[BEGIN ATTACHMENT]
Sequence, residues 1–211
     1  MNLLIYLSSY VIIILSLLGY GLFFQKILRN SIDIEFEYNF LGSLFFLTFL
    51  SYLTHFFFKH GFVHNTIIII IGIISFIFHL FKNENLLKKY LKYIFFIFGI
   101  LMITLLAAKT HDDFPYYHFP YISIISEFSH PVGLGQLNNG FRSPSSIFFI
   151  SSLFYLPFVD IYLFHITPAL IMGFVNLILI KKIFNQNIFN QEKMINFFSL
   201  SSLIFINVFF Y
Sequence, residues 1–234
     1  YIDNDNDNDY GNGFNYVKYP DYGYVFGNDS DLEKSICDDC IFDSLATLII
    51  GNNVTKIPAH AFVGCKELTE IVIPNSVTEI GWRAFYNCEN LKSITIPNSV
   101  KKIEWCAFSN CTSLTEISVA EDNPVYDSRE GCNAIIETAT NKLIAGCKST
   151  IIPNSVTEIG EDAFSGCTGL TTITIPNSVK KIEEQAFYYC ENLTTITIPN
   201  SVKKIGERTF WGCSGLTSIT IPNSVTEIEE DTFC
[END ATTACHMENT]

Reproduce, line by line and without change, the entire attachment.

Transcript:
Sequence, residues 1–211
     1  MNLLIYLSSY VIIILSLLGY GLFFQKILRN SIDIEFEYNF LGSLFFLTFL
    51  SYLTHFFFKH GFVHNTIIII IGIISFIFHL FKNENLLKKY LKYIFFIFGI
   101  LMITLLAAKT HDDFPYYHFP YISIISEFSH PVGLGQLNNG FRSPSSIFFI
   151  SSLFYLPFVD IYLFHITPAL IMGFVNLILI KKIFNQNIFN QEKMINFFSL
   201  SSLIFINVFF Y
Sequence, residues 1–234
     1  YIDNDNDNDY GNGFNYVKYP DYGYVFGNDS DLEKSICDDC IFDSLATLII
    51  GNNVTKIPAH AFVGCKELTE IVIPNSVTEI GWRAFYNCEN LKSITIPNSV
   101  KKIEWCAFSN CTSLTEISVA EDNPVYDSRE GCNAIIETAT NKLIAGCKST
   151  IIPNSVTEIG EDAFSGCTGL TTITIPNSVK KIEEQAFYYC ENLTTITIPN
   201  SVKKIGERTF WGCSGLTSIT IPNSVTEIEE DTFC